And then I became a father

I haven’t yet wrapped my head around it and yet it’s bigger than graduating university, getting my first job, traveling to Senegal, or moving to Montreal.

An hour or so after watching (and sort of assisting) Kerry give birth to our son, we both said to each other, in a mix of joy and fear: “Everything’s changed now.” Sure, everything really changed that day in January when Kerry handed me that positive pregnancy test but it never really hits home until you’re holding that child in your arms.

You see Christmases to come and first days of school and birthdays and trips abroad but before any of that happens, you’ve been given the task of caring for a small, helpless human. You can’t help but wonder if you’re up the task. I once melted a plastic rice-cooker in the microwave when I forgot to add water, how am I supposed to take care of this baby’s well-being without breaking him?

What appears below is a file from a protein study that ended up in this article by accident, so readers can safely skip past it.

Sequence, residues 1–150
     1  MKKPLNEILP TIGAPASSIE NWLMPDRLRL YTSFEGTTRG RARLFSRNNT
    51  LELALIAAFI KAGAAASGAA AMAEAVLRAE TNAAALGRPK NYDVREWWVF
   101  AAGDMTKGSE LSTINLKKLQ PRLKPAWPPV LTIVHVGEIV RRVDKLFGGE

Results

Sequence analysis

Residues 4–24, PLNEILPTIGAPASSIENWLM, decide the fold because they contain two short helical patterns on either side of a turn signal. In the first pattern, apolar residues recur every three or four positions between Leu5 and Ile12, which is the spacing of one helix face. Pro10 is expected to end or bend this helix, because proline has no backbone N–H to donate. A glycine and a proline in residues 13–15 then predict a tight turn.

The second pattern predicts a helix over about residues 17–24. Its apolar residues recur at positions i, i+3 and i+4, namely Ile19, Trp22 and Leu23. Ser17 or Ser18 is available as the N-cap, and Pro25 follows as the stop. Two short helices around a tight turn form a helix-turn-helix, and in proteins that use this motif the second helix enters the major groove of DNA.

And then he’ll look at me like that and everything falls into place and I know I’d do anything for him.

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